Chapter 11 bankruptcies generally find the debtor to be insolvent, but not always.
Occasionally, a debtor will emerge from the bankruptcy process as a solvent entity, and in those situations, Bankruptcy Code §726(a)(5) may entitle creditors of the debtor’s estate to post-petition interest at the legal rate from the date of filing the petition.”1
In other words, the Bankruptcy Code affords creditors an opportunity to recoup the time-value for the lost use of the debtor’s assets.
Significantly, the “legal rate” is undefined by the Bankruptcy Code and its legislative history. Accordingly, the courts have been forced to supply meaning to this nebulous term. Fortunately, the judiciary was not writing on a blank slate—analogous provisions contained elsewhere in the US Code provided valuable guidance.
Practically speaking, a majority of courts embrace the statutory post-judgment interest rate contained in 28 U.S.C. § 1961(a) as supplying the “legal rate” for post-petition interest.2 But, it is not the sole rule; there are other arguments to be offered.
On its face, Section 1961(a) explicitly defines post-judgment interest rates, stating that, “[s]uch interest shall be calculated from the date of the entry of the judgment, at a rate equal to the weekly average 1-year constant maturity Treasury yield, as published by the Board of Governors of the Federal Reserve System, for the calendar week preceding the date of the judgment.”
During periods of low inflation and low interest rates, the federal statutory interest rate is a relative pittance. To put things in context, the 1-year Treasury rate last topped 3% more than a decade ago. According to the latest available data, the average 1-year rate recently only climbed over 2% around January of 2019 while currently increasing after having dropped precipitously at the start of the COVID-19 pandemic in March of 2020. As of February 2022, it barely exceeds 1%. From the vantage point of a creditor, this is likely to be insufficient.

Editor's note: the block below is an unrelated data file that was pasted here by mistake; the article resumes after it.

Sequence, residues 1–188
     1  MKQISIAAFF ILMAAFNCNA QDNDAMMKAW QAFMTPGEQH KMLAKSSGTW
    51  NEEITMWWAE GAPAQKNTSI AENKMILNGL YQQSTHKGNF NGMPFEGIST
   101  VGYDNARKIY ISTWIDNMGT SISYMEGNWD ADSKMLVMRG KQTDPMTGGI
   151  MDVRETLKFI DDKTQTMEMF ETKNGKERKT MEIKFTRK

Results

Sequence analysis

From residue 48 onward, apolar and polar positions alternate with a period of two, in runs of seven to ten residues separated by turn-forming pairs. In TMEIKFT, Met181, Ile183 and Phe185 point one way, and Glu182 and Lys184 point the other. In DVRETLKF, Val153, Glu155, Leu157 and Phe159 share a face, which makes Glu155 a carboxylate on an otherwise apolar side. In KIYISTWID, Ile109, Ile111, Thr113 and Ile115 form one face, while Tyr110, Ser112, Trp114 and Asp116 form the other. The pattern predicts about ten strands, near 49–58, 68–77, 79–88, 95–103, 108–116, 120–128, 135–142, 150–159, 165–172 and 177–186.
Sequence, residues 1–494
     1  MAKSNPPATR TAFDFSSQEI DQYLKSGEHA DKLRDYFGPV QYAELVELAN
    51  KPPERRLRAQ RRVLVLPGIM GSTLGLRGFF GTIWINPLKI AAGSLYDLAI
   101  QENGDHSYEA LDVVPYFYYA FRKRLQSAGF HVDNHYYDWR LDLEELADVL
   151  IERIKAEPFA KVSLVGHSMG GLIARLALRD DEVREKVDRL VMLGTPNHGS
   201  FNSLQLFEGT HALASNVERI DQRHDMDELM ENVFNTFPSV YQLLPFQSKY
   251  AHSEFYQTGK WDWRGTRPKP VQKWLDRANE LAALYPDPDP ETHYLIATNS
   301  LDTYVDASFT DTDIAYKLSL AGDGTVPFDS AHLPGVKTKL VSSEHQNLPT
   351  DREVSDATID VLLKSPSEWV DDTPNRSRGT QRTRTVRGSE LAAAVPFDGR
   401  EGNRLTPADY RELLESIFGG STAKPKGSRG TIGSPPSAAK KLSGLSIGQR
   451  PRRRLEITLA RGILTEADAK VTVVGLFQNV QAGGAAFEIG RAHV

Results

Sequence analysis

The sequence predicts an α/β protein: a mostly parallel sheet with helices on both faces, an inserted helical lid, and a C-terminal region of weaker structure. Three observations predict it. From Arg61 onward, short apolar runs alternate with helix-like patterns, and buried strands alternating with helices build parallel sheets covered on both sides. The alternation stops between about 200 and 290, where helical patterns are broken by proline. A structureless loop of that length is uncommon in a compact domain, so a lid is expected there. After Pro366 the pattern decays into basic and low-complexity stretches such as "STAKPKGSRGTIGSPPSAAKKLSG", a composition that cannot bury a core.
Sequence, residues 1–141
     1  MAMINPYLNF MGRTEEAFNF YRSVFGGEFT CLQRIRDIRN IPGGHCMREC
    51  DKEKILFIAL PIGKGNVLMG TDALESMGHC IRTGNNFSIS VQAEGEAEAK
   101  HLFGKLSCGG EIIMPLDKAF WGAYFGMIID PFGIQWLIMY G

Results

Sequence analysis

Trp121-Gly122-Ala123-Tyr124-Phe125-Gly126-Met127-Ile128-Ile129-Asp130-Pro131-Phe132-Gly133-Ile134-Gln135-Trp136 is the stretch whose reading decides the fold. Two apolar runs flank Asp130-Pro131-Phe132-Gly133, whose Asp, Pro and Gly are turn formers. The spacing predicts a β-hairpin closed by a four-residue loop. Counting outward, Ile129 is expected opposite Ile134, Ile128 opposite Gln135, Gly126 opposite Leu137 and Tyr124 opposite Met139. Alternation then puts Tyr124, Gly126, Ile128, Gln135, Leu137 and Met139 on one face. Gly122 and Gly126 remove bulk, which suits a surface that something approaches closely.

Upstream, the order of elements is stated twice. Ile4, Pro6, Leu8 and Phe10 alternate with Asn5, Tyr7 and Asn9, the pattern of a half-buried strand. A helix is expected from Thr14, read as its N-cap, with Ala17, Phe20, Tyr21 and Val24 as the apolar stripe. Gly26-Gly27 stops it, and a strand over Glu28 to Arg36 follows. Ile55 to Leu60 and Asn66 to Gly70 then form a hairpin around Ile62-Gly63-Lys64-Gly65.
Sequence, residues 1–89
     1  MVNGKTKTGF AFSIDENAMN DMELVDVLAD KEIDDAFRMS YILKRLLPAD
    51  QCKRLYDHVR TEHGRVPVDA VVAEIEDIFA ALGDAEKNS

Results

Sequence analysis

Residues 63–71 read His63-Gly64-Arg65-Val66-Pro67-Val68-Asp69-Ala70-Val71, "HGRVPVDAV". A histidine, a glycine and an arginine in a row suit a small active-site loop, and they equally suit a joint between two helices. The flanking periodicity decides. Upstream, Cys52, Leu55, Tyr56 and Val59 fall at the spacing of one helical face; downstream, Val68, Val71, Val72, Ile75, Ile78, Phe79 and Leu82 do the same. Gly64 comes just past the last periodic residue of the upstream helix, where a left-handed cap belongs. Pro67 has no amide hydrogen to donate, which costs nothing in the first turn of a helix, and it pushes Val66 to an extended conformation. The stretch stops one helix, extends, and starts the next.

Against this backdrop, economic incentive exists for an unsecured creditor to advance alternative definitions for “legal rate” if by so doing they can obtain a return greater than the federal post-judgment rate.
To effect this outcome, unsecured creditors have relied upon a minority of courts that have read the term “legal rate” to incorporate the pertinent contractual rate of interest that would otherwise have governed the relationship between the debtor and its creditor3 Indeed, this may even translate to interest being calculated at a contractual default rate.
As one court explained, “When a debtor is solvent, then, the presumption is that a bankruptcy court’s role is merely to enforce the contractual rights of the parties, and the role that equitable principles play in the allocation of competing interest is significantly reduced.”4 Yet, even under this rationale, in those instances in which the pertinent contract lacked an interest rate, the parties must look to Section 1961 and the Federal Reserve for the applicable rate.
To be sure, the contractual argument has run into legal headwinds and been rejected on at least three separate grounds.
That said, one other conceivable “legal rate” of interest might be the statutory rate of interest codified in state laws. For example, Section 5004 of New York’s Civil Practice Law & Rules contains a 9% statutory interest rate. That approach, however, looms as potentially more problematic than the contractual model for determining the legal rate as it lacks textual basis. Indeed, during a period of record low federal post-judgment interest rates, turning to state legal rates would confer an unintended and unimagined windfall to an unsecured creditor.
Although the issue of what constitutes the “legal rate” in a solvent debtor bankruptcy case remains unresolved, a majority of bankruptcy courts, including those sitting in Delaware and New York, look to the federal post-judgment interest rate as a definitional source. Attempts to go beyond 28 U.S.C. § 1961(a) suffer from being at odds with the plain text of Section 726(a) of the Bankruptcy Code, and the primacy of federal law in bankruptcy cases.
This is an updated version of an article originally published on July 15, 2019 and previously updated March 11, 2021]
©2022. DailyDACTM, LLC d/b/a/ Financial PoiseTM. This article is subject to the disclaimers found here.
A member of Otterbourg P.C., Melanie served for 14 years as a U.S. Chief Bankruptcy Judge in the Eastern District of New York before returning to private practice in 2007. Before the bench, she was a commercial/securities litigator at Sullivan & Cromwell and Milbank Tweed. She is a Fellow of the American College of Bankruptcy…
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